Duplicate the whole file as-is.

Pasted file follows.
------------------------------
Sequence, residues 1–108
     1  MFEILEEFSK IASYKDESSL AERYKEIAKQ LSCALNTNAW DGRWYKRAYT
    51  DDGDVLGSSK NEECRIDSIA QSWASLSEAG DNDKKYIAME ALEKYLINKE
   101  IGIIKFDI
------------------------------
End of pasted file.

Sequence, residues 1–108
     1  MFEILEEFSK IASYKDESSL AERYKEIAKQ LSCALNTNAW DGRWYKRAYT
    51  DDGDVLGSSK NEECRIDSIA QSWASLSEAG DNDKKYIAME ALEKYLINKE
   101  IGIIKFDI